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June 1, 2012
The Department of Agricultural Sciences at Northwest Missouri State recently received a grant from the Missouri Natural Resources Conservation Service (NRCS) to develop and host cover crop workshops focused on educating local producers and gardeners on the virtues of using cover crops in their traditional production systems.
The workshops will be 8:45 a.m. to 4:30 p.m. Tuesday, July 10, beginning in Charles Johnson Theater. Onsite registration begins at 8 a.m., although pre-registration is recommended online at http://www.nwmissouri.edu/ag/ or by calling the department at 660.562.1155.
The one-day workshops are free and open to the public. A free lunch also will be provided.
The workshop will consist of guest speakers, including local producers, university experts and NRCS personnel. In addition, attendees will have the opportunity to tour Northwest’s cover crop demonstration plots, which consist of various cover crop species and cover mixtures.
The workshop will be divided into two tracts. The agronomy tract will focus on the use of cover crops in corn, soybean and small grains, and the horticulture tract will focus on the use of cover crops in orchards, vegetables and gardens.
“We have seen a dramatic upswing – some estimate a 400 to 500 percent increase – in the use of cover crops to promote soil quality over the past few years,” said Dr. Jamie Patton, associate professor of agriculture at Northwest. “Cover crops are used to increase soil organic matter contents, porosity and nutrient levels, as well as reduce erosion.”
The use of cover crops is becoming more common, Patton said, after fertilizer and pesticide production steered ag producers away from growing the beneficial crops. Prior to World War II, cover crops were commonly grown during the fall, winter and early spring for use in grazing and to add nitrogen to the soil and help control weed pressures for cash crops.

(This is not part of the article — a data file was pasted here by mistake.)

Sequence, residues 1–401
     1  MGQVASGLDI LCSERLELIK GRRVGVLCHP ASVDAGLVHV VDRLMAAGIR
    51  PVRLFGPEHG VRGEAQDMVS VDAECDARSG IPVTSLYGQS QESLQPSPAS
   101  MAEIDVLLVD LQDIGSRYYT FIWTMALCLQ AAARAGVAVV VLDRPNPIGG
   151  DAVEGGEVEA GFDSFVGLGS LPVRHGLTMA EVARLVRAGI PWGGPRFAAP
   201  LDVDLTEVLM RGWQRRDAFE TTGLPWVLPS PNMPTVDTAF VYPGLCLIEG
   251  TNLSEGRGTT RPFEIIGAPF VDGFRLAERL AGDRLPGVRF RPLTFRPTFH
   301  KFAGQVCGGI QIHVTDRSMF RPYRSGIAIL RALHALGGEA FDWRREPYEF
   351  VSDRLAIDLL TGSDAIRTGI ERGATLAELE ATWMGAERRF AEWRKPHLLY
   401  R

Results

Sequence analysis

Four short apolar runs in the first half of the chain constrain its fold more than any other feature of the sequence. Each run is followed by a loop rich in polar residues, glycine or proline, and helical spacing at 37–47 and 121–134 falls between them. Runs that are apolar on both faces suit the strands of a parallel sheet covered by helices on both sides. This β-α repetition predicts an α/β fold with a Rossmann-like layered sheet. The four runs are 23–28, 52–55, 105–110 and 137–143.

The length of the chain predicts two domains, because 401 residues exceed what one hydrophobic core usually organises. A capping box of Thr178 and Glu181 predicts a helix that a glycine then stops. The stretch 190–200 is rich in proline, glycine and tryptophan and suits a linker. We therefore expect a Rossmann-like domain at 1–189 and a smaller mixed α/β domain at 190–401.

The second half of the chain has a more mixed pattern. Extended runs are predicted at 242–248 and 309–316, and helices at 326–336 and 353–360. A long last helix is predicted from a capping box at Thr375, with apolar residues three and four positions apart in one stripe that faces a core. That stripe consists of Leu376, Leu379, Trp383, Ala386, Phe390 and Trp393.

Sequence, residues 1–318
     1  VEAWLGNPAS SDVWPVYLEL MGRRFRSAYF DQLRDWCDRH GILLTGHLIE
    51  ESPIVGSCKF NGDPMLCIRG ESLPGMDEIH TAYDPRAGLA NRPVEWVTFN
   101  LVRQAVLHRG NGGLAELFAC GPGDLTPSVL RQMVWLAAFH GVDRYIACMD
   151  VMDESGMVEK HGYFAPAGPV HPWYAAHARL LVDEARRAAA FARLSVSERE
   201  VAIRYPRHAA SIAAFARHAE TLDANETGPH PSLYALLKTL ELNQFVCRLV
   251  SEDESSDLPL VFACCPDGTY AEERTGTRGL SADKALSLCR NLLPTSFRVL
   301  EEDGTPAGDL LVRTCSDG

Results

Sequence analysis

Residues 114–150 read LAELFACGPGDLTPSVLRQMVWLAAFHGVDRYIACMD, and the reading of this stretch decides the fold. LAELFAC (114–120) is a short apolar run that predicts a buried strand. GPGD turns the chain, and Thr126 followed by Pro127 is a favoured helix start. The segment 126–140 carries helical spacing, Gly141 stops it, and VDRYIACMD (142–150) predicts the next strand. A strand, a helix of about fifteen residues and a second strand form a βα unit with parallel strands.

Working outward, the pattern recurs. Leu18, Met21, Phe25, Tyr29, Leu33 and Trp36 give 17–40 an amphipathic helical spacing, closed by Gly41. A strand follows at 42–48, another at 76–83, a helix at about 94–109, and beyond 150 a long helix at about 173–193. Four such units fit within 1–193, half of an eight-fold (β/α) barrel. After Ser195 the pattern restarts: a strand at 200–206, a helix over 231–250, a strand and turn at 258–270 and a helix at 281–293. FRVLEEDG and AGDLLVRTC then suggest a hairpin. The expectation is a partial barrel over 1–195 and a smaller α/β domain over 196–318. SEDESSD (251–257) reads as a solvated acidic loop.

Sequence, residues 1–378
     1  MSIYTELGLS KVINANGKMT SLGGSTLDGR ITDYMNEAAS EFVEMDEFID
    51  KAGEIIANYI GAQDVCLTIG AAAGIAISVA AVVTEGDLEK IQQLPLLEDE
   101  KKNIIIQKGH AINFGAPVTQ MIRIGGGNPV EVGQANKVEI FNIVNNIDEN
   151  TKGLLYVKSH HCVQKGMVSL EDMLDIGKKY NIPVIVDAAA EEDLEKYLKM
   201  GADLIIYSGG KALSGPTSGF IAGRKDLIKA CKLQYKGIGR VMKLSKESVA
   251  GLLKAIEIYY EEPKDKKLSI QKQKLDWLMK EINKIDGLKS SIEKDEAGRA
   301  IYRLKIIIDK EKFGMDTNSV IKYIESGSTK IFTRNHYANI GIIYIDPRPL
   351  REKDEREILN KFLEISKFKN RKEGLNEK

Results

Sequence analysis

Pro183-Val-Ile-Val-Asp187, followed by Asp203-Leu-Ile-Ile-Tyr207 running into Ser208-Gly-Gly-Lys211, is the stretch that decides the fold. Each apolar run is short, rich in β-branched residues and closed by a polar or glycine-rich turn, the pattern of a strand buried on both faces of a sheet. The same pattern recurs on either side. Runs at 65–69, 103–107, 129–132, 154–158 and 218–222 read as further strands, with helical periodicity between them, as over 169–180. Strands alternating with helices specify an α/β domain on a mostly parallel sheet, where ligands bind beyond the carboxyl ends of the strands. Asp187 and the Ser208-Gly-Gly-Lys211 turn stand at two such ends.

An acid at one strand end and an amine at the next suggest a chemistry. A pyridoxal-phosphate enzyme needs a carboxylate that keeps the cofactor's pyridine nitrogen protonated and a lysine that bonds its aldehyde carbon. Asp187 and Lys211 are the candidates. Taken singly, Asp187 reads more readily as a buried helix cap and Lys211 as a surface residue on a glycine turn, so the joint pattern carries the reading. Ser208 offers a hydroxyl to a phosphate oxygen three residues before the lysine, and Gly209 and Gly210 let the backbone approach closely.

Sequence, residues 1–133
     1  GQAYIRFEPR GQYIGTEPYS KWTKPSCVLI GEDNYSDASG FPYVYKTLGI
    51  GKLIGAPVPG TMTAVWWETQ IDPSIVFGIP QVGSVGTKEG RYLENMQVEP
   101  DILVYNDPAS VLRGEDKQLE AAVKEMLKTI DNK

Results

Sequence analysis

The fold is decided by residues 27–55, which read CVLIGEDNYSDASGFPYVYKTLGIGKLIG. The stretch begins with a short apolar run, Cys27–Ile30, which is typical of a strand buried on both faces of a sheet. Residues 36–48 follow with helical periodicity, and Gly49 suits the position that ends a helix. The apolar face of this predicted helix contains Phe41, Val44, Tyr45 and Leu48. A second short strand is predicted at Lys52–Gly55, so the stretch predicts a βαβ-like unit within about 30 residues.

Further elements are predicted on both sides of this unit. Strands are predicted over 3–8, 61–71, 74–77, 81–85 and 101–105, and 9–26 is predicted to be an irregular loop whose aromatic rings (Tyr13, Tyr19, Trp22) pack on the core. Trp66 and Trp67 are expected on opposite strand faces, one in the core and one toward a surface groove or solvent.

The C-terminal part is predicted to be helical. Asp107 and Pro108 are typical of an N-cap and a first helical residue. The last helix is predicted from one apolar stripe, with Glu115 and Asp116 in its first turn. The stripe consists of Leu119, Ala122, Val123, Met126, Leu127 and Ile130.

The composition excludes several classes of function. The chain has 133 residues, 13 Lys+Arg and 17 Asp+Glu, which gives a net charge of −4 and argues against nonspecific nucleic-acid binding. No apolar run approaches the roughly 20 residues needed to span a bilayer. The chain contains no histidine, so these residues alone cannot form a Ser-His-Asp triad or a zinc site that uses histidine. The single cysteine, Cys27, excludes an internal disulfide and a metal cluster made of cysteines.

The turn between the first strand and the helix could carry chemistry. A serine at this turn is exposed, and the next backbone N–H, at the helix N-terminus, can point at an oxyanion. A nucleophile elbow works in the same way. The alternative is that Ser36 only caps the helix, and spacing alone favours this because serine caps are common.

“Some producers who have regularly used cover crops in their typical crop rotations have experienced the decreased need for commercial fertilizers coupled with increases in corn yield,” Patton said. “To me, that is a win-win situation, particularly as we move toward more sustainable agricultural systems.”
Patton said Northwest’s agricultural sciences department has grown various types of cover crops during the last three years. Last fall, within an area of highly compacted soil north of the Valk Center, the department grew tillage radishes and studied the impact of the roots on improving soil tilth. At the Mozingo Outdoor Education Recreation Area, the department has grown various cereal grains, legumes and winter canola to control erosion, improve soil fertility and provide wildlife habitat near Mozingo Lake.
“While the exploration of varied cover crops adds to Northwest students’ knowledge, the students also are gaining valuable skills by helping to plan and organize the upcoming workshop,” Patton said.“Many of our students are going into careers where they’ll be responsible for hosting field days or educational events. By integrating our students in all aspects of this workshop, from planning to execution, we’re providing our students experience in the challenges of planning and organizing such events, as well all aspects of budgeting and publicity. Students are getting a good feel of the whole process, and they’re really excited that this isn’t just a class project. It is exciting that there is actually going to be real, tangible product in the end, and that the decisions they make will impact the experience of all the workshop attendees.”
Mark Hornickel, Media Relations Specialist
email@example.com | 660.562.1704 | Fax: 660.562.1900
Northwest Missouri State University
215 Administration Building | 800 University Drive | Maryville, MO 64468